Help save Earth from cybercrime!

August 22nd, 2014 No Comments By Ian Wade

GCHQ Help save Earth from cybercrime!Fancy yourself as some kind of cyber-crim thwarter? Well, you’re in luck.

The British intelligence agency GCHQ, have launched an online game to test whether you’d be any good at stopping a fictional attack.

GCHQ are hoping to find some masterminds among the gameplayers, and then use them, USE THEM FOR THEIR MINDS.

And it’s not a piece of puff, winners of previous missions have gone on to work at the agency.

In the game, called ‘Assignment: Astute Explorer’, users must protect a fictitious aerospace technology company threatened by imminent attack from imaginary cyber terrorists called The Flag Day Associates. There’s even YouTube threats and all sorts. Fancy that!

The story goes that fictitious company Ebell are concerned about the threat of an imminent attack and have asked GCHQ operatives (the public playing the game) to assess the scale of the threat. Sounds like fun.

If you fancy your chances at, you know, one day possibly saving the world, head here.

ditto pic 300x219 Tumblr and Ditto: stalking your photos for brandsIn ‘web-stalking brand awareness reach’ news, Tumblr have teamed up with Ditto Labs. Ditto analyse photos posted on social media, and scan them for any brand-related data.

Basically anything can be deemed as data, from a brand of drink being drunkenly held aloft, to a sportswear label seen on a garment.

Apparently this deal will give advertisers the chance to see how they’re being perceived.

It’s a new way of research without badgering you on the street or filling in a form, but still feels a little stalkery.

But the futuristically named T.R. Newcomb, head of business development at Tumblr, stated: “If Coke wants to understand the nature of the conversation we can sift through and deliver it to Coke.”

He ominously added “Right now, we’re not planning to do anything ad-related.”

Yeah right. Either way, looks like Yahoo!, who bought Tumblr, are finally throwing a bit of weight around in a bid to start making more money on the blogging portal.

Want to see where Google have tracked you?

August 18th, 2014 3 Comments By Mof Gimmers

Google Maps Want to see where Google have tracked you?You know that Google tracks your every movement don’t you? Unless you’ve tinkered with the location settings on your phone, they know where you’ve been going. Including that late night jog you went on… to a massage parlour.

Well, if you didn’t know, there’s a map online, where you can see to what level Google have been following you around.

Of course, many of you will look at your map and realise that you’ve got the life-radius of a beetle tied to a nail, walking around in ever decreasing circles.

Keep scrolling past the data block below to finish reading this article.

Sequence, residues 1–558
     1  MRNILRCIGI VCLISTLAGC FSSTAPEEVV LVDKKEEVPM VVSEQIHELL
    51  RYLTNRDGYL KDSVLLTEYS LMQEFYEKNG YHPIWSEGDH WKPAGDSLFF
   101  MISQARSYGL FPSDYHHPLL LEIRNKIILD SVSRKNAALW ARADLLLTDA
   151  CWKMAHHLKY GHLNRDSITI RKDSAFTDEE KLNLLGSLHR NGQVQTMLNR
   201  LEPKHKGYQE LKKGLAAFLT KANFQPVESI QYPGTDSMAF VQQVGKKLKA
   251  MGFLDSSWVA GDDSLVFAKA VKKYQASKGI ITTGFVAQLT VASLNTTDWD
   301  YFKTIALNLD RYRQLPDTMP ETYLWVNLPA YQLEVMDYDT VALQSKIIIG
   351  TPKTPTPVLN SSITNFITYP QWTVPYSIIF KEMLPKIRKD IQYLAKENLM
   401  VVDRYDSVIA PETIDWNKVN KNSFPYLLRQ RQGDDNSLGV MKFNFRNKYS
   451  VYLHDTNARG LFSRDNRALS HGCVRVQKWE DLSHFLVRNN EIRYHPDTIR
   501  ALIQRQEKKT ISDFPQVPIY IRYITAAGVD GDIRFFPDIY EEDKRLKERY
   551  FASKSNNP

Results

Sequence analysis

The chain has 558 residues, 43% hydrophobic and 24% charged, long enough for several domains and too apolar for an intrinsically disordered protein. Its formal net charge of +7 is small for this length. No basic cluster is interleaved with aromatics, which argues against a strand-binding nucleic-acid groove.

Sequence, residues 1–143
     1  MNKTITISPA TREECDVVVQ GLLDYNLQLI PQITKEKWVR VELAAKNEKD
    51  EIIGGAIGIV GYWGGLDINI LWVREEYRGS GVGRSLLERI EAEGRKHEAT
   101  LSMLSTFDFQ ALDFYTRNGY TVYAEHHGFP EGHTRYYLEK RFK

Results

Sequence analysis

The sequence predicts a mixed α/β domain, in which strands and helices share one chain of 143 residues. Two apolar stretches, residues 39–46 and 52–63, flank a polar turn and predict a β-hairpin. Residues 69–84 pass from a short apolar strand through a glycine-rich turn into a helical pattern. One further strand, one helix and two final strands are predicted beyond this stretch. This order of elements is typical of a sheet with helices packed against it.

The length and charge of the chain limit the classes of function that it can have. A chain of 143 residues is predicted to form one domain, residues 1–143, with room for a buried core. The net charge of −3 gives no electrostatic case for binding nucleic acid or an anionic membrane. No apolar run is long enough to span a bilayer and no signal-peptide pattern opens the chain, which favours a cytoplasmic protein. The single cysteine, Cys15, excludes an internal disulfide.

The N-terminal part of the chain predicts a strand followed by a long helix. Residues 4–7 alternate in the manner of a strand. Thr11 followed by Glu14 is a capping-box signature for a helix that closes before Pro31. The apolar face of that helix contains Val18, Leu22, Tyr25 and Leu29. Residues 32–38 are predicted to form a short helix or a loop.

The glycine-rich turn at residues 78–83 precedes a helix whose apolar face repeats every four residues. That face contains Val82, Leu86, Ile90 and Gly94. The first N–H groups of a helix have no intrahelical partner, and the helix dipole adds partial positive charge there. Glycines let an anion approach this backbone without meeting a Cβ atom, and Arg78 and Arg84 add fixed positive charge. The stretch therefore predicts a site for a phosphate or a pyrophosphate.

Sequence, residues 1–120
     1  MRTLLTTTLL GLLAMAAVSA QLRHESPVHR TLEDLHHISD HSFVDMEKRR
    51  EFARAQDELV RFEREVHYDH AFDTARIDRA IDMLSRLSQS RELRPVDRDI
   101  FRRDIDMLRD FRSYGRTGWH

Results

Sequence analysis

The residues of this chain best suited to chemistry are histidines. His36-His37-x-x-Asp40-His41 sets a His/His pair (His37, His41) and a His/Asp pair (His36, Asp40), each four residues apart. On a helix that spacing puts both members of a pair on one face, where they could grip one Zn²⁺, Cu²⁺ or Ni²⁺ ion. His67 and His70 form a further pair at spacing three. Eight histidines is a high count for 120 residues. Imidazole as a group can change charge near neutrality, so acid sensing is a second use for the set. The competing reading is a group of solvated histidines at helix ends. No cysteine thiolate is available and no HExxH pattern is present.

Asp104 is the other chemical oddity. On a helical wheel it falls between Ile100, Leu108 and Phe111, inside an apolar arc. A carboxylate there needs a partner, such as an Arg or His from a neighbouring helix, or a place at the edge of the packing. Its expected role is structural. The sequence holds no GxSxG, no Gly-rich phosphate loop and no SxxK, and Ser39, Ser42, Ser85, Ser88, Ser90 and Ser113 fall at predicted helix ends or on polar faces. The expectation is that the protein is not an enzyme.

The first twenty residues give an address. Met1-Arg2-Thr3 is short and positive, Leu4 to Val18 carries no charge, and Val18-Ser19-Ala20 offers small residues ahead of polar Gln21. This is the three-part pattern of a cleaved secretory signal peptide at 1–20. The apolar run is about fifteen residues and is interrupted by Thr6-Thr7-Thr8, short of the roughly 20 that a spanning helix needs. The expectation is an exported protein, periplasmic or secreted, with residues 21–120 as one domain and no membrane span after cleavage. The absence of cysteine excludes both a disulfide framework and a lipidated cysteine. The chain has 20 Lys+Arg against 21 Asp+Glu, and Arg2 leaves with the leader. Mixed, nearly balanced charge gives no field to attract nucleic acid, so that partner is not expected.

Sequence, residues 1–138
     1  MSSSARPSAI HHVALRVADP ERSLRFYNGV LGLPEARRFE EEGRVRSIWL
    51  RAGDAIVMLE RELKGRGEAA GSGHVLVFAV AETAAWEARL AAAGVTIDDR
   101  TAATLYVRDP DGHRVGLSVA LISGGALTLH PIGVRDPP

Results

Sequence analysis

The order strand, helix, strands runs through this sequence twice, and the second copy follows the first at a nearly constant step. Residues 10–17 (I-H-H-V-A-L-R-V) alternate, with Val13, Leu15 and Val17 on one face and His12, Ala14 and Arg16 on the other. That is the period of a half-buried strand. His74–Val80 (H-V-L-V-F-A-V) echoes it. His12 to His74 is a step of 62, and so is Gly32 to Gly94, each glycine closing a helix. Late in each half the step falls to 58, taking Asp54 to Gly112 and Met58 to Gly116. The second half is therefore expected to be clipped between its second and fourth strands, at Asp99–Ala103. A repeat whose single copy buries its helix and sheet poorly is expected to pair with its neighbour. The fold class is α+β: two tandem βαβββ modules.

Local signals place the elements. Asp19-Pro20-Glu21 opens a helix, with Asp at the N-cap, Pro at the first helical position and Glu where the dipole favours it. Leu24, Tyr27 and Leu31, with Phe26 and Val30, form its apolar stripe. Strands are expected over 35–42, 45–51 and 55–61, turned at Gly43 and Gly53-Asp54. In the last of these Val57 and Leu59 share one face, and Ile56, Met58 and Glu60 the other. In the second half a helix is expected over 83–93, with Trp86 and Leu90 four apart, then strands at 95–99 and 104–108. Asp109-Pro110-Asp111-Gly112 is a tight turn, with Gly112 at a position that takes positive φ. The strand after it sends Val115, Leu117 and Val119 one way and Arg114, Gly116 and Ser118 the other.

You’ll have to log in with your Google account, but once you do, you’ll see a 2D map with a record of where you’ve been for the last month. Whether you think this is a cause for concern is your business, but looking at the map of your recent history might make you feel a bit weird in a Minority Report kinda way.

Have a look at the map of your whereabouts here.

facebook 300x300 Third of workers happy for employers to look at their FacebookAlmost one in three employees is happy for their employer to have access to their personal data.

31% of employees – chiefly those born in the 80s/90s, or Generation Y as they are referred to – are quite happy for their employer to look at their internet presences and social media dallying.

Mainly because the idea of having some privacy online seems insane to a generation that have been brought up on the internet.

The study questioned 2,000 UK workers, also found that 59% of people were willing to be available at all times in return for job security.

This is just one of the findings in PriceWaterhouseCooper’s new Future of Work report.

The report looks into how people work, and their attitudes towards it, predicts that companies could be able to analyse a person’s social media profile to understand what makes them tick in the workplace, and also try and understand why some stuff leave.

Perhaps analysing a post that says “I hate my job, my boss, all the staff and the entire UK operation” might indicate that a staff member is in some way unhappy.

Anthony Bruce, who is HR workforce analytics leader at PwC, said: “Just as advertisers and retailers are using data from customers’ online and social media activity to tailor their shopping experience, organisations could soon start using workers’ personal data, with their permission, to measure and anticipate performance and retention issues.”